Thank you for the music – but it had to go

Saturday nights last season, there it was on Match of the Day. During the usual 20 seconds the programme allowed Norwich City, a goal from the home side at Carrow Road was followed by a burst of Bellini's Samba De Janeiro, but this season it is – thankfully – no more.

Thank you for the music – but it had to go

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September 18th, 2013

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Like many clubs, the Canaries adopted the trend of goal music from Stateside more than a decade ago, but these days they are one of the few clubs in the top flight that still plays it – and it shows.

A football crowd doesn’t need an orchestrated atmosphere, especially when celebrating a goal. It would appear that the issue of goal music at The Carra is a Marmite topic – polls conducted by both the football club and the local newspaper has seen opinion split right down the middle – just as many people that are happy it’s gone want to see it return.

The fact that this is one of few burning issues at Norwich City does show that fans are at least happy with life at the club. Far better for the Yellow Army to moan about goal music than to worry about debt, the manager, league position or players. Personally, I’m glad the track is no more and hope that the club doesn’t go back on its decision to ditch it.

There is, however, one area of concern for City fans. Despite it being early days, so far this season it’s been a tale of two Cities for Chris Hughton’s side. There’s the Norwich City that put two past Everton (the only goals that the unbeaten Toffees have conceded so far this season) and saw off a Southampton side that has splashed the cash alongside England’s latest goalscorer Rickie Lambert; then there’s the Norwich City side on the road. The Canaries’ first away trip was to Hull – the home side played an hour with 10 men but held on to their 1-0 lead against a toothless Norwich City. On Saturday Hughton’s men travelled to White Hart Lane to face a Spurs side looking to finish in the top four, but one that faced no threat from the boys in yellow and green.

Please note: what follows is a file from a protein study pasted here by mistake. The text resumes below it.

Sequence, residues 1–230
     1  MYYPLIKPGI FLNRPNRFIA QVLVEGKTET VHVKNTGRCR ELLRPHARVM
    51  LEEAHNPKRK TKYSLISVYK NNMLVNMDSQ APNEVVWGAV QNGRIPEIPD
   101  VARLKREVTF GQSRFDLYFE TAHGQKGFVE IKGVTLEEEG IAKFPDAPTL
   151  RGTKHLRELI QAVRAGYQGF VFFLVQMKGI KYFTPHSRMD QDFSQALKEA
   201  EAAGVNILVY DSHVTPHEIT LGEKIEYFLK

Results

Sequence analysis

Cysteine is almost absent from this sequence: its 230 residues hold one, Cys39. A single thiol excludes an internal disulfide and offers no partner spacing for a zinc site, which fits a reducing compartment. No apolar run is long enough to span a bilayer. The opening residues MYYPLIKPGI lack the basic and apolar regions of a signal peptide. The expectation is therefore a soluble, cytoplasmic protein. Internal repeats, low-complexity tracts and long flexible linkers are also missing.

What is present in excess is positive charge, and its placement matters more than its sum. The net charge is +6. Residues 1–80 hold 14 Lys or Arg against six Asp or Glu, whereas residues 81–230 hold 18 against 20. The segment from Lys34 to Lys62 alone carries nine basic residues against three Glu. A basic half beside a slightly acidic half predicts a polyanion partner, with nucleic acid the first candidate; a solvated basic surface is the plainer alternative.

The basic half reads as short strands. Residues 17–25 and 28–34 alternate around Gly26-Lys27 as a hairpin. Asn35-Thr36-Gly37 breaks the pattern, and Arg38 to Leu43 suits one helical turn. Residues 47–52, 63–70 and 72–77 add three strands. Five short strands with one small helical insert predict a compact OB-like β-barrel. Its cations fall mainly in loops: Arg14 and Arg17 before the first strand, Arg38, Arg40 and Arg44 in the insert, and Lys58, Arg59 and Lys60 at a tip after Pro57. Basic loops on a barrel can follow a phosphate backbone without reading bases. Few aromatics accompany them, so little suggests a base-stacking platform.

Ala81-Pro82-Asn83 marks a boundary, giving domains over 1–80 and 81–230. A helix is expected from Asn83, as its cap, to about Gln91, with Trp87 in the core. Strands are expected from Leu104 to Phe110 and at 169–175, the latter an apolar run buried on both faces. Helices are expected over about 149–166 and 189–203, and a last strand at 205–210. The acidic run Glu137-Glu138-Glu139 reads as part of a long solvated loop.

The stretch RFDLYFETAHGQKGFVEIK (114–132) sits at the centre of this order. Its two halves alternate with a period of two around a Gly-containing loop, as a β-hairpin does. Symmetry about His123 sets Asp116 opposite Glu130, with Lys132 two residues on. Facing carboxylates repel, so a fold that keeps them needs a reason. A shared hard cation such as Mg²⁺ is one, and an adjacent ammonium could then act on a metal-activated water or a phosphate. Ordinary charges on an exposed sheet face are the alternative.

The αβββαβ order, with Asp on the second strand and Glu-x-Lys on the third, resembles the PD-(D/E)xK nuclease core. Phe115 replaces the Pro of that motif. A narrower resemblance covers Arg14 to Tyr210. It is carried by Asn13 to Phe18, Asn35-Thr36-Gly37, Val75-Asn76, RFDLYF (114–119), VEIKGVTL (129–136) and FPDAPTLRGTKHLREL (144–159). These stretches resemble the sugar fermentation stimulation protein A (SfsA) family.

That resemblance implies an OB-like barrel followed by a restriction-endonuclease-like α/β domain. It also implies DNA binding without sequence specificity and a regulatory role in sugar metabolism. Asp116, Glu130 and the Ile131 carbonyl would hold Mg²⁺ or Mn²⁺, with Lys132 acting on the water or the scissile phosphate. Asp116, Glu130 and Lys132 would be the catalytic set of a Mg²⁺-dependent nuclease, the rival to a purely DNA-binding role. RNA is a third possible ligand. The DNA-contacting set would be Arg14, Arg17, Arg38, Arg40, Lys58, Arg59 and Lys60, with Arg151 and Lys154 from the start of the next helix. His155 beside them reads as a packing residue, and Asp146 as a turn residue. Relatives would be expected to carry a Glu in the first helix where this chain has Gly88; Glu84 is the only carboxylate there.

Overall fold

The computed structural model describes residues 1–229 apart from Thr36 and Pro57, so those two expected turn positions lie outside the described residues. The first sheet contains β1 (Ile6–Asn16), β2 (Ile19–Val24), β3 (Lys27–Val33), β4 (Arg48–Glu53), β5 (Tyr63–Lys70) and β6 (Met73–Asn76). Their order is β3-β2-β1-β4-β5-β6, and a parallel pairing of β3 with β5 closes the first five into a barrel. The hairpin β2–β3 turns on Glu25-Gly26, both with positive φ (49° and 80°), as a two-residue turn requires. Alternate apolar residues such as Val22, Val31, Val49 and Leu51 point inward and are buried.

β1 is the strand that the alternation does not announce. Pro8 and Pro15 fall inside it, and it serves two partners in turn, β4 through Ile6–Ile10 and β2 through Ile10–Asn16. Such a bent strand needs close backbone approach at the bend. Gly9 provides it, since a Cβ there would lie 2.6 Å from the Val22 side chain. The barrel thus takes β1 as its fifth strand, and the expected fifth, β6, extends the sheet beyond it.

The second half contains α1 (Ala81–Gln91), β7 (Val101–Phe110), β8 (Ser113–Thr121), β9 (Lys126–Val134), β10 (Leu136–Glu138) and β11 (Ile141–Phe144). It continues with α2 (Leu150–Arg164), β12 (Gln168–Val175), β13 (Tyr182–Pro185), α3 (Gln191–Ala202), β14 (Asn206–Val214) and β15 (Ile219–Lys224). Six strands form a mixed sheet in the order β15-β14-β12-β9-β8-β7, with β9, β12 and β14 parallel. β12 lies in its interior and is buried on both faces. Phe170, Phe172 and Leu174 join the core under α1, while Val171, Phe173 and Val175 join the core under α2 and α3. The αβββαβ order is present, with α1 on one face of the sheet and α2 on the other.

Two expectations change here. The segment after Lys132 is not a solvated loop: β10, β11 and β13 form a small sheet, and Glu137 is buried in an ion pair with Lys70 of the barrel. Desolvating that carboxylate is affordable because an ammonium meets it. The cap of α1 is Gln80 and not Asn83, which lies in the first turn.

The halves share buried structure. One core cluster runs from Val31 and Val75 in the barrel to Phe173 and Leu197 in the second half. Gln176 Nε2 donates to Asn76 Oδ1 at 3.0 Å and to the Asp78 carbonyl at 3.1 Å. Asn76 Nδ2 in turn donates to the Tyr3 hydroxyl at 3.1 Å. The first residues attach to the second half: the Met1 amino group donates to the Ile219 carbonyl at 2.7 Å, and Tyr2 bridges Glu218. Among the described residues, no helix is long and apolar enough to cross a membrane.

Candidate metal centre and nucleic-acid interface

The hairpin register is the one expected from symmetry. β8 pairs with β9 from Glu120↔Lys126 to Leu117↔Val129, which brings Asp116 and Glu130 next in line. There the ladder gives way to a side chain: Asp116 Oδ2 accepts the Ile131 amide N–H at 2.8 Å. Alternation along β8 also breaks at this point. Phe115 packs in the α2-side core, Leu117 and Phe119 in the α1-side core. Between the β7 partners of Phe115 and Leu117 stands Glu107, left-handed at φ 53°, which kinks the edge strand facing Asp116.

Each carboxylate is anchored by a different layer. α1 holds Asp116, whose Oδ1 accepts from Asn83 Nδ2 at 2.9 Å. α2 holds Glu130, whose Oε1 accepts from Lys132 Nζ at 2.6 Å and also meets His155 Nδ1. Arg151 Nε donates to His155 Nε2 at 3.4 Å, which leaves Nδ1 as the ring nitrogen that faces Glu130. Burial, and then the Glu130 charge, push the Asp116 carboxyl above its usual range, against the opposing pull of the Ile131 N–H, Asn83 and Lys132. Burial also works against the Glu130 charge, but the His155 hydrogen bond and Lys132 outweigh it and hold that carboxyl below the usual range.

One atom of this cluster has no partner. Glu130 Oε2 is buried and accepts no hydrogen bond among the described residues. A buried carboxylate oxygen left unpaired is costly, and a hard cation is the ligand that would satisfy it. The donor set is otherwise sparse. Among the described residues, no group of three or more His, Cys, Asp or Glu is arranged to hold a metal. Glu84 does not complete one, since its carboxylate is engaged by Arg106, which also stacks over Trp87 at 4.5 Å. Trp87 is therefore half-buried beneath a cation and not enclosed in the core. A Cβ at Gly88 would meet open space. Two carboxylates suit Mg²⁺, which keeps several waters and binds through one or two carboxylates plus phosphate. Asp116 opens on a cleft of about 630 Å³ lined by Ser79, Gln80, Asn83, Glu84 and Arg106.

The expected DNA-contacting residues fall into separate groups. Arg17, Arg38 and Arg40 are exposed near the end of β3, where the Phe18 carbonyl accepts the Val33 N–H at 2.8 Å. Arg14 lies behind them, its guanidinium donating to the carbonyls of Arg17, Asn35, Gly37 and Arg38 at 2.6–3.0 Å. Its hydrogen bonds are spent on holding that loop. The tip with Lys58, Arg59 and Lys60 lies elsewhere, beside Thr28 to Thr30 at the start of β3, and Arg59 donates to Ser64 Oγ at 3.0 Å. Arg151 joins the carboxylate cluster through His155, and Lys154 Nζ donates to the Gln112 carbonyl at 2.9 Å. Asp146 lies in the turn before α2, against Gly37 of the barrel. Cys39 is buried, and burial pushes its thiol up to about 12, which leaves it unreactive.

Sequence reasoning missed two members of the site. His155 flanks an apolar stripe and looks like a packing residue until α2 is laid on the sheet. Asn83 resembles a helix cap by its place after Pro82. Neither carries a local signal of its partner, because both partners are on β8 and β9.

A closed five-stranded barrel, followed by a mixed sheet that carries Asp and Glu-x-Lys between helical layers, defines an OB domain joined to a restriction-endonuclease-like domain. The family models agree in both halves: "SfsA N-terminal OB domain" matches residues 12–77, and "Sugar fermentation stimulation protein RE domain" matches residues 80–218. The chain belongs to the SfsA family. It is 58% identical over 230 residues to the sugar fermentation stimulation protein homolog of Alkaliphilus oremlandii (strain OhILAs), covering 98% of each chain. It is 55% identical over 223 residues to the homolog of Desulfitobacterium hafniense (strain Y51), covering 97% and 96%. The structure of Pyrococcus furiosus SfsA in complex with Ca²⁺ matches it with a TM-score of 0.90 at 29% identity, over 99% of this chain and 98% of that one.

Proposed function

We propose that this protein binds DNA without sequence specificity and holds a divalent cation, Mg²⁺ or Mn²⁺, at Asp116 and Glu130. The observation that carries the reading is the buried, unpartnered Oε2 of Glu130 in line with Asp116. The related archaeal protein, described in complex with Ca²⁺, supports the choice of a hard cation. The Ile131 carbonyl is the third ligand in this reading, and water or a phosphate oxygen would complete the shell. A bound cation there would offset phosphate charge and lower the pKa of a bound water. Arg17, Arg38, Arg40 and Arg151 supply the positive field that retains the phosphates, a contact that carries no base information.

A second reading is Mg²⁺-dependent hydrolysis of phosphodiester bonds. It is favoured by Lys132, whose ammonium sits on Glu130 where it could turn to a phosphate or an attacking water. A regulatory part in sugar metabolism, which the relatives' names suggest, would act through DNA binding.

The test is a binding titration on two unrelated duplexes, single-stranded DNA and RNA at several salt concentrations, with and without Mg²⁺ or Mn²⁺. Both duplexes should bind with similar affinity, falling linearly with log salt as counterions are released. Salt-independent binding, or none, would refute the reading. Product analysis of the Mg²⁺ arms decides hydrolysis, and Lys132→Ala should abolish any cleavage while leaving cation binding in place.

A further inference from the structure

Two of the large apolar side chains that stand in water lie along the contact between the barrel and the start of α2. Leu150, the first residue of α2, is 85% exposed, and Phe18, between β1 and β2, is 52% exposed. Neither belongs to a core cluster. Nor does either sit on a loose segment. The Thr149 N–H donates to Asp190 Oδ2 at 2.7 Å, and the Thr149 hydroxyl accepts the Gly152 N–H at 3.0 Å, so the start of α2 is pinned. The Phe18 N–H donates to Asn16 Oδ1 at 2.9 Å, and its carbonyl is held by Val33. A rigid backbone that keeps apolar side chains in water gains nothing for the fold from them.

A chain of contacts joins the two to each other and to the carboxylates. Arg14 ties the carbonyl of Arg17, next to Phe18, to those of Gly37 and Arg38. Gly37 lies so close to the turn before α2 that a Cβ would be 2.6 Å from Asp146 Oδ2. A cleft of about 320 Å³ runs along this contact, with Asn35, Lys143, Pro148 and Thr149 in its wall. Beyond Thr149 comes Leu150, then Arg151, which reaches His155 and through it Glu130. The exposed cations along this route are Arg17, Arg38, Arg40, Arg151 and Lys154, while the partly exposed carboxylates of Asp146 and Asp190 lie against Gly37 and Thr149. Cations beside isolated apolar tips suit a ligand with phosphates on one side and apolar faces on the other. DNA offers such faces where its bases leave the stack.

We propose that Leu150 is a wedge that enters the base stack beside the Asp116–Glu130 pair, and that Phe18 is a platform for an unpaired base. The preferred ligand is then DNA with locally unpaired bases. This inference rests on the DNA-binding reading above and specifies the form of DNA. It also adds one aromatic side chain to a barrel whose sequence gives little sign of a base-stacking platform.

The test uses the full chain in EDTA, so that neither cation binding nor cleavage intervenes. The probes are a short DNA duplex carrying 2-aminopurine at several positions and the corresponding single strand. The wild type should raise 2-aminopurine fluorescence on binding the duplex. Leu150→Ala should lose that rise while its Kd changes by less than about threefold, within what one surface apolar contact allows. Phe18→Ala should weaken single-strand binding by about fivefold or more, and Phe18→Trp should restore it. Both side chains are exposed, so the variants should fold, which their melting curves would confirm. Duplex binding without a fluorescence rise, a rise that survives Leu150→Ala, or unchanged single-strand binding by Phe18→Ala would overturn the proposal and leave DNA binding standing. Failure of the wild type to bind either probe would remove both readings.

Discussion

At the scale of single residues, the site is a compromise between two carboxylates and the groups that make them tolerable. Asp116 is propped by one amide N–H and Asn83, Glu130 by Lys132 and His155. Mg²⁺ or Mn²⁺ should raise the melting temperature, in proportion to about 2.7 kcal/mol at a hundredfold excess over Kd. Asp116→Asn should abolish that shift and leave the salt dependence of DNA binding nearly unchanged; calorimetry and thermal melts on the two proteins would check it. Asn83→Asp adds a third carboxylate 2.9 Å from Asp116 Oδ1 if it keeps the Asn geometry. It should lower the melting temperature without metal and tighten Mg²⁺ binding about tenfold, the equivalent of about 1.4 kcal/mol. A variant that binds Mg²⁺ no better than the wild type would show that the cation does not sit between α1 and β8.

Following his abject performance for the national side against Ukraine, City fans were looking forward to Kyle Walker being given the runaround by wing sensation Nathan Redmond but both he and his team mate on the opposite side, Robert Snodgrass, spent the majority of the Spurs game camped in their own half.

So how can a team so strong at home perform like a side happy to settle for a draw on the road with the emphasis on damage limitation?

Fingers have been pointed at a cautious management team of Chris Hughton, Colin Calderwood and Paul Trollope – both Hughton and Calderwood were defenders during their playing career. But not one of this trio crosses that line come kick-off so just as much blame can be placed at the feet of the players. In Ricky van Wolfswinkel, Gary Hooper, Johan Elmander and Nathan Redmond the club have invested heavily over the summer in attacking options in the squad. But so far these players have found themselves isolated as their team mates sit back in an attempt to soak up the pressure from the home side – a tactic that has failed every time it has been deployed.

Norwich City’s next away game is against Stoke – never a place to see flowing, attacking football (although Sky Sports seem to have deemed it worthy of moving to a Sunday for their viewers) but a perfect place to stop the current malaise. Go into that game looking for a point and Norwich City may soon find their impressive away following dwindling in numbers.

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